Tradition is to be mocked, past leaders are to be torn down for their foibles (because no one should be hoisted higher than the precious flowers of the current student generation), and status symbols are to be shunned (unless it is the newest rare electronic device or lavender infused small batch organic whiskey). Then again, “old fogeys” have always said that the next generation is filled with louts just waiting to tear down the venerable castle of society.

  17. A Bridge Too Far | June 1, 2016 at 3:51 pm |

    Loafer –

    Sounds exactly like the 60s

  18. Changes in dress and behavior has nothing to do with economic status. The US is a society where 99% of the wealth is owned by 1% of the population. Most of the boys and girls of the colleges were privileged in the past. It’s true that college is more accessible to the masses, but upon graduation, the privileged will get the cream of the job market, and get to stay in the one percent. The rest get what they can get.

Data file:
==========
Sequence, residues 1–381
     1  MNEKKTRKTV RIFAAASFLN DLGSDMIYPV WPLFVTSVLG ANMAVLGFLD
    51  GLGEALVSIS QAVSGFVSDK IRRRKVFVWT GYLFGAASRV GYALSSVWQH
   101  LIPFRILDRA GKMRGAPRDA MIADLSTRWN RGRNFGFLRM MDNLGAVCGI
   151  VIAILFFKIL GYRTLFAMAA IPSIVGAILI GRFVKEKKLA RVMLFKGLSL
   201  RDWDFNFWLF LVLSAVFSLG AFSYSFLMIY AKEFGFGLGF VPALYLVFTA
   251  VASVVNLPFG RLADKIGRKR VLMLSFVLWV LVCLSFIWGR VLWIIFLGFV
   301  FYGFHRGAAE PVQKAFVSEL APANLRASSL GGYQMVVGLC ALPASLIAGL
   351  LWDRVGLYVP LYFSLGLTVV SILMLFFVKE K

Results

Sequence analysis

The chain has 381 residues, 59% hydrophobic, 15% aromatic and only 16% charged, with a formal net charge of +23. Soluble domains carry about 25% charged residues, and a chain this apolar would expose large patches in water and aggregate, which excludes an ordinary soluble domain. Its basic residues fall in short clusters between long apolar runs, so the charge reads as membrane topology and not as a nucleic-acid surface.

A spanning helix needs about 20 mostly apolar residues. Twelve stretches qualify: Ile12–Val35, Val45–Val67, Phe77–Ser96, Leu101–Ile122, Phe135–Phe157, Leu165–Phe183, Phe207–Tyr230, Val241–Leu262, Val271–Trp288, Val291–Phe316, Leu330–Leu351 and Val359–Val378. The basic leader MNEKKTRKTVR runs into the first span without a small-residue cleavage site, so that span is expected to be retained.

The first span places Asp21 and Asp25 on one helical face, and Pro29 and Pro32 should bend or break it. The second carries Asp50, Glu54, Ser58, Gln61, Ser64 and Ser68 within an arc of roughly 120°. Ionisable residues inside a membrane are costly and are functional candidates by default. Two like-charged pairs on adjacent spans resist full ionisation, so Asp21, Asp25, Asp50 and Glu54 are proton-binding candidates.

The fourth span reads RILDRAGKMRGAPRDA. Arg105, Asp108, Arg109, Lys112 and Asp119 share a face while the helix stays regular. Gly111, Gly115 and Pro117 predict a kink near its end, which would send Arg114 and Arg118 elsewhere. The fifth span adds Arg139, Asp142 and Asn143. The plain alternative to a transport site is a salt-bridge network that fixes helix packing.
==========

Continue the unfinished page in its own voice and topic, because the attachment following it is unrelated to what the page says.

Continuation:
The dress and behavior exhibited by today’s students is considered “normal,” and all economic classes will copy it.

    @Mr. Loafer Lawyer

    I’d venture to say that the Ivy Style we all love is considered outrageously inappropriate clothing in most situations, and solemn, dignified behavior is also inappropriate in today’s world.

    A humble opinion.

  19. @Wriggles “The US is a society where 99% of the wealth is owned by 1% of the population.”

    That may be true today, but it certainly was not true in the ’50s and ’60s. The US was much more egalitarian then, with top marginal tax rates >90%.